Game of the Day:
Blue Jays 8, Rangers 7 (11 inn.)
Not himself: The Texas infield huddled behind the pitcher's mound and watched with collective amusement as a man wearing Kason Gabbard's No. 30 jersey warmed up. They laughed because the pitcher wasn't Gabbard, but was instead Darren O'Day, who had been claimed on waivers from the Mets in the morning and arrived at Toronto's Rogers Centre an inning before he entered the game.
Shirt off his back:
"The original plan," O'Day said, "was to go to the hotel. But [the traveling secretary] said, 'Go to the field, we might need you.' "
"He was excited, and the first thing that he said was, 'Let's rumble,' " Rangers manager Ron Washington said.
Who dat? Toronto's Kevin Millar joked that the Gabbard he saw warming up wasn't the same guy from the scouting report and memory.
"Gabbard, I thought, was a left-handed pitcher and he came in throwing sinkerballs, side-armed [and] right-handed, so I was a little confused at first," Millar said.
With runners at first and second, O'Day had little margin for error. On his fifth pitch, Millar drove the ball into the gap for a game-ending — and ordeal-completing — single.
* * *
Feelin' Rundown (Wednesday's other action):
Astros 6, Dodgers 5: Nobody expects the Spanish Inquisition and even fewer expect a wild pitch during an intentional walk, but that's what Dodgers' right-hander Ronald P. Belisario did with Geoff Blum batting with two outs in the deciding eighth. Hunter Pence moved to third base on the wild pitch and, after Blum took first, Pudge-Rod singled in the go-ahead run.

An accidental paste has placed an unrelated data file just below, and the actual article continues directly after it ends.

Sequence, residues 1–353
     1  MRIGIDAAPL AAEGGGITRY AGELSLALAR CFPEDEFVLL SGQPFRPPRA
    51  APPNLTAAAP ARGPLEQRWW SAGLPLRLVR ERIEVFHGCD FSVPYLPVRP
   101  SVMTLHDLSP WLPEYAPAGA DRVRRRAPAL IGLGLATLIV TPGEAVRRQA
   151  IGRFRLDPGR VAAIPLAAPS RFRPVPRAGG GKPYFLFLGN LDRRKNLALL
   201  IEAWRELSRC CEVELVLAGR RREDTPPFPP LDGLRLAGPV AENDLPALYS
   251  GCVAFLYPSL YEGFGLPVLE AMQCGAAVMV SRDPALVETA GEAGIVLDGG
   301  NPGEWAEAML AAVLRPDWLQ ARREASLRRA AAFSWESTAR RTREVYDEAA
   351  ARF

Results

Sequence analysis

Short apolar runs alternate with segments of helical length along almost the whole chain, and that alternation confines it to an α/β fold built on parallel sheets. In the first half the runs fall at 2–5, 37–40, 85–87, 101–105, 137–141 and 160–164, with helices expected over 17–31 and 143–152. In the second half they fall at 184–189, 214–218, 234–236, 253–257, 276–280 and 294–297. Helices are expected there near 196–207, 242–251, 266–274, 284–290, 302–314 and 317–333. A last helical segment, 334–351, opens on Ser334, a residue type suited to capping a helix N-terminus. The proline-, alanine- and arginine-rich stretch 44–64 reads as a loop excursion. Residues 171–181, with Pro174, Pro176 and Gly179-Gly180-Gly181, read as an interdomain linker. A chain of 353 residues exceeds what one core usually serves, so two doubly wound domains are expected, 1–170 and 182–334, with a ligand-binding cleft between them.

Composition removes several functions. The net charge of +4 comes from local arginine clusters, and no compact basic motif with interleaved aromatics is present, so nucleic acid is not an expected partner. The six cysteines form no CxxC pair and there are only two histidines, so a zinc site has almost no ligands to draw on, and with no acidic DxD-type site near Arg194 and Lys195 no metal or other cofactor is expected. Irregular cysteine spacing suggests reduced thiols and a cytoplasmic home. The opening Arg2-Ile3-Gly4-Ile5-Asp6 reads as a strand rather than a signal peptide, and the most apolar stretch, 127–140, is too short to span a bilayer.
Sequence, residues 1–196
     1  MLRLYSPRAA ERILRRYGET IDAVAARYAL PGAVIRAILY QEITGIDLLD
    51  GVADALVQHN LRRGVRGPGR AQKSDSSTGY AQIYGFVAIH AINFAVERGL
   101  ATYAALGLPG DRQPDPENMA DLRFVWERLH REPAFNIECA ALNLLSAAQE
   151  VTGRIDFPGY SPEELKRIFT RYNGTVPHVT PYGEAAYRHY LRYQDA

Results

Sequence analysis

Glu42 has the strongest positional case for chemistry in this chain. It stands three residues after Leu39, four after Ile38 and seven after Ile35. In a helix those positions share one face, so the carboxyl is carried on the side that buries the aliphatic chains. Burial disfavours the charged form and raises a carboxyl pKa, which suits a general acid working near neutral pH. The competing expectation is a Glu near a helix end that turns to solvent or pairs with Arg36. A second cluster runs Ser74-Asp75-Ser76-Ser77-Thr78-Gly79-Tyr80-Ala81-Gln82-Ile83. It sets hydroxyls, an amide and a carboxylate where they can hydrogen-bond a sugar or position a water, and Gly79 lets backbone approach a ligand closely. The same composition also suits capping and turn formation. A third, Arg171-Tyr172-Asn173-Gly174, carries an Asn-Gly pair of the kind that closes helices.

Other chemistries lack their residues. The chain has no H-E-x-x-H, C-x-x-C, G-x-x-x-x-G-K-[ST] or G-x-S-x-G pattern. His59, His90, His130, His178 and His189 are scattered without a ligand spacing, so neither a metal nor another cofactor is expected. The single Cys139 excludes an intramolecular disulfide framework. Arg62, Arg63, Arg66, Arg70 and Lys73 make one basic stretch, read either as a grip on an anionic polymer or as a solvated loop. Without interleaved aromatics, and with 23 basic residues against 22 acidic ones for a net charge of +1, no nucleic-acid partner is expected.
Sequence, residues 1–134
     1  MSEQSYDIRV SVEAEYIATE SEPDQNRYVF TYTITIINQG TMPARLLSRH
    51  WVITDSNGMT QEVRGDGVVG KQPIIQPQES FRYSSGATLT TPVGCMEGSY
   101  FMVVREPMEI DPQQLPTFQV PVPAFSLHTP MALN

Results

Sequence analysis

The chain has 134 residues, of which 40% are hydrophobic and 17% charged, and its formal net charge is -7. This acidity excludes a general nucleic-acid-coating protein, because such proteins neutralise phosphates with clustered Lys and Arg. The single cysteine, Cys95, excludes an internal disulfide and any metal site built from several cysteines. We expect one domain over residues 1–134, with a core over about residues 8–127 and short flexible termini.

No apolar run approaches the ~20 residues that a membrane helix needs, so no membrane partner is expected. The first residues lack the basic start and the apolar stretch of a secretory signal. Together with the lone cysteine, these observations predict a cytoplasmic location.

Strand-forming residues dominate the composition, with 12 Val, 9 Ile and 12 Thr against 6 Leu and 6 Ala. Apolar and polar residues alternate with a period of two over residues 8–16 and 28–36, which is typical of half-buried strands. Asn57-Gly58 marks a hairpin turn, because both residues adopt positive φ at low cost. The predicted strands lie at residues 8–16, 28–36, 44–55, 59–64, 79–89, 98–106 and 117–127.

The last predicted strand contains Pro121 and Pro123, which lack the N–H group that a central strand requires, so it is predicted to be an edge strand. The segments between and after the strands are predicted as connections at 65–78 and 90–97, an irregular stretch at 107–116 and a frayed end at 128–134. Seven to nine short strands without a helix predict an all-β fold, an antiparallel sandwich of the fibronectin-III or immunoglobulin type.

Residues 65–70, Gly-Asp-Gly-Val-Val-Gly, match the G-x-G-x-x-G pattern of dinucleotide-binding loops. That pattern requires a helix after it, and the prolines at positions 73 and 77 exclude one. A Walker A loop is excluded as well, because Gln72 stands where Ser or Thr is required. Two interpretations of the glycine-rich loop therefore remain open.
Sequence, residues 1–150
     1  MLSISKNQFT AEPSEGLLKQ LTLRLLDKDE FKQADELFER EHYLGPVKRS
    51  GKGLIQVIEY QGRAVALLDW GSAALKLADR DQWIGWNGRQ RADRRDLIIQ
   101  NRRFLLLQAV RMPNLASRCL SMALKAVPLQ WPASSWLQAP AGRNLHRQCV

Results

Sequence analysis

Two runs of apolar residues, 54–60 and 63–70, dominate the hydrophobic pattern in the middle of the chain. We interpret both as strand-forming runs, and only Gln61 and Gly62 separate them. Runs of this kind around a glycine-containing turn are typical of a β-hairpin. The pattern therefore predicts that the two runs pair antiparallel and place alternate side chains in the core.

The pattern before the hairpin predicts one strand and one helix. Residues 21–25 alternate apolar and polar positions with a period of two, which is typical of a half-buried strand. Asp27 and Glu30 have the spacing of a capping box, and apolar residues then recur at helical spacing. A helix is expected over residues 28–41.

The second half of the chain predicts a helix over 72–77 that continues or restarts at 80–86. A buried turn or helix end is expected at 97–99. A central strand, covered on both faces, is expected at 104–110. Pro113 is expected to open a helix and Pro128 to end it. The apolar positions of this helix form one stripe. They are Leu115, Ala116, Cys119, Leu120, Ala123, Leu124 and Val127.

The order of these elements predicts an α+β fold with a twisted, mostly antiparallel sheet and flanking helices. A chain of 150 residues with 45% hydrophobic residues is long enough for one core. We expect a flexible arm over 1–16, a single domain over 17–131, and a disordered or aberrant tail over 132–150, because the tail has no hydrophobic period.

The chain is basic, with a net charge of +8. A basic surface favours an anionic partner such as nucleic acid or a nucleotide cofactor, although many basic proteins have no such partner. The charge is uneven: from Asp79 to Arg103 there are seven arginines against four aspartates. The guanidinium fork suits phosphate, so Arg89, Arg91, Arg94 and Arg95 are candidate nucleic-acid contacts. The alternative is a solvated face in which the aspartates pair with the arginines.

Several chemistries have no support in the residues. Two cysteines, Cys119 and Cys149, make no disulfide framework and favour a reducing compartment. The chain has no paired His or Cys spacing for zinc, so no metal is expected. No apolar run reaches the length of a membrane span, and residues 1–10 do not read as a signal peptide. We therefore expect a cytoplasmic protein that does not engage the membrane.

One question: Why did Torre walk Geoff Blum on purpose in the first place? I don't care what he's batting right now, he didn't turn into George Brett in the off-season.
Answer Man Jay Bruce is starting to heat up with his second homer in as many days. Future Answer Man Joey Votto would have homered, too, but umpires blew a home-run call and then didn't check TV replays that showed the ball deflect, above the yellow homer line, off a reaching fan's glove in the bleachers. Dusty would have thrown his orange replay beanbag for the umps, but he couldn't find which pocket of his huge coat he put it in.
In what could have been the pitching matchup of the night, Ted Lilly was almost as good as J-Cue, but he made a double error after a bunt that gave the Reds all of the offense they would need.
D-backs 2, Rockies 0: How could I have not seen this coming? Dan Haren, not Jake Peavy, is going to be the first pitcher since Ed Walsh 100 years ago to lead the league in ERA and losses. Haren, who beat Jorge De La Rosa in what might have been the pitching matchup of the night on another night, so far is 1-3 with a 1.38 ERA — which is really hard to do.
Braves 1, Nationals 0: You can't call it a streak until you win three in a row, so we have to say the Braves stopped the Nats' two-game... thingy. Definite pitching matchup of the night, Jair Jurjjens against John Lannan, was scoreless until the top of the ninth when Kelly Johnson drew a bases-loaded walk against the pen.